- Trump accuses Jewish Democrats of having ‘great disloyalty’ or a ‘lack of knowledge’ Tuesday 8:02 PM
- 1 million ‘anonymous’ users of popular porn site exposed in breach Tuesday 6:56 PM
- Khloé Kardashian angers followers with a calorie-counting joke about True Tuesday 6:14 PM
- Spider-Man may no longer be part of the Marvel Cinematic Universe Tuesday 5:28 PM
- Robert De Niro’s company is suing ex-employee for binge-watching Netflix at work Tuesday 4:41 PM
- Intentionally misgendering a character could get you banned from Borderlands 3 Tuesday 4:06 PM
- Facebook pulls Trump re-election ad for targeting ‘strong women’ Tuesday 4:03 PM
- Kamala Harris says she will restore net neutrality if elected Tuesday 3:16 PM
- All 8 of the ‘Rocky’ movies, ranked Tuesday 2:50 PM
- Everything you need to know about the Facebook conservative bias report Tuesday 2:35 PM
- Study links emoji use to more sex Tuesday 2:10 PM
- The chicken sandwich war is in full throttle on Twitter Tuesday 1:47 PM
- Netflix’s ‘Sextuplets’ proves Marlon Wayans is no Eddie Murphy—or even Mike Myers Tuesday 1:31 PM
- Facebook is finally rolling out its clear history tool Tuesday 1:13 PM
- ‘Theater etiquette’ tweets surge after YouTuber cast in ‘Waitress’ Tuesday 12:55 PM
Anchored in urban India, Netflix‘s original anthology series, the realistic and messy Lust Stories, explores contemporary complexities of love, sex, adultery, class hierarchy, and contextual power struggles within four original tales by the country’s frontline directors.
The quartet of short films serves as a sequel to 2013’s Bombay Talkies for the four individually acclaimed directors (Zoya Akhtar, Dibakar Banerjee, Anurag Kashyap, and Karan Johar). Anyone anticipating typical Bollywood fare is in for a shock.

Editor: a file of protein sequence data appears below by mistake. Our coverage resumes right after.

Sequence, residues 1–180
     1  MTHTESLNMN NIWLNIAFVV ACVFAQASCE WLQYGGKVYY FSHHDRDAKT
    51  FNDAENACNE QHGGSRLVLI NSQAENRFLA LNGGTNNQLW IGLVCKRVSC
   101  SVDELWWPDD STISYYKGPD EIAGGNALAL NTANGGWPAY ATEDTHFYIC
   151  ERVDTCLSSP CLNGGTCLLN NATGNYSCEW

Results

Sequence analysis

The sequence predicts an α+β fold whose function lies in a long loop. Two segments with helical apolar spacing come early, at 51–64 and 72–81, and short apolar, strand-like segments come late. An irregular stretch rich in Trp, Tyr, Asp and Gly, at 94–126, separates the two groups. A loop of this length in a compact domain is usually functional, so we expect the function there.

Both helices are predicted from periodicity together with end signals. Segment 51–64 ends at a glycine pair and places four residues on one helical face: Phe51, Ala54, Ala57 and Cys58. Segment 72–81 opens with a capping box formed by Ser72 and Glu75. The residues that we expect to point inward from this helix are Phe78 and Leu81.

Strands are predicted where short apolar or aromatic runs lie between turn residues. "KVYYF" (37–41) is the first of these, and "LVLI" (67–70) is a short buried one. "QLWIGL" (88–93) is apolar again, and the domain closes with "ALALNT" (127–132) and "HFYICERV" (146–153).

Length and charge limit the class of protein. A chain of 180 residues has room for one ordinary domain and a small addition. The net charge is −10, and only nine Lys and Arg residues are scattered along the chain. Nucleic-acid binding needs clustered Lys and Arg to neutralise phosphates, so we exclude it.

As a catch-all, the usage “lust” within the title is somewhat misleading, as the shorts use sex as a means to an end, extending into more additional discussions of obsessiveness, possession, and especially the desires of women. Collectively, the four directors and their four revelational lead women (Bhumi Pednekar, Radhika Apte, Manisha Koirala, and Kiara Advani) offer audiences appropriate seriousness (especially in the case for Pednekar and Koirala), understatedness (Advani), and impressive comedic exploits (Apte)—each in circumstances ending in real-to-life outcomes.
In Banerjee’s film, the strongest of the quartet, Koirala plays a married woman at her wit’s end, cheating on her highly successful husband (Sanjay Kapoor) with his best friend (Jaideep Ahlawat). Koirala doesn’t position her character as blameless. In fact, she’s firmly aware of her actions with the clueless men in her desire for autonomy and happiness. Even the subtle retribution she receives isn’t necessarily meant to suggest she’s earned it. With morality in the gray, sometimes everyone involved is the villain.
Pednekar’s performance in Akhtar’s short is sensational, mostly speaking volumes with expressions of yearning and slow heartbreak. The film lays open universal banalities, and subtle cruelties of class-driven hypocrisy, starting with a hotshot IT cog seen having passionate sex with a beautiful woman, whom the viewer quickly finds is the help. Already recast firmly in her domestic role by the time his parents arrive to meet his girlfriend’s parents to consummate their arranged marriage, Pednekar’s character dies with each moment, knowing caste conformity relegates her to specific futures.
Lust Stories accomplishes what relatively few films from the Indian subcontinent, or the world for that matter, do successfully. The four directors center intelligent and amusing narratives around the thoughts and desires of real women, without specific service to masculine ideals.
Still not sure what to watch on Netflix? Here are our guides for the absolute best movies on Netflix, must-see Netflix original series and movies, and the comedy specials guaranteed to make you laugh.
Kahron Spearman is a music and film critic whose work can also regularly be regularly found in the Austin Chronicle.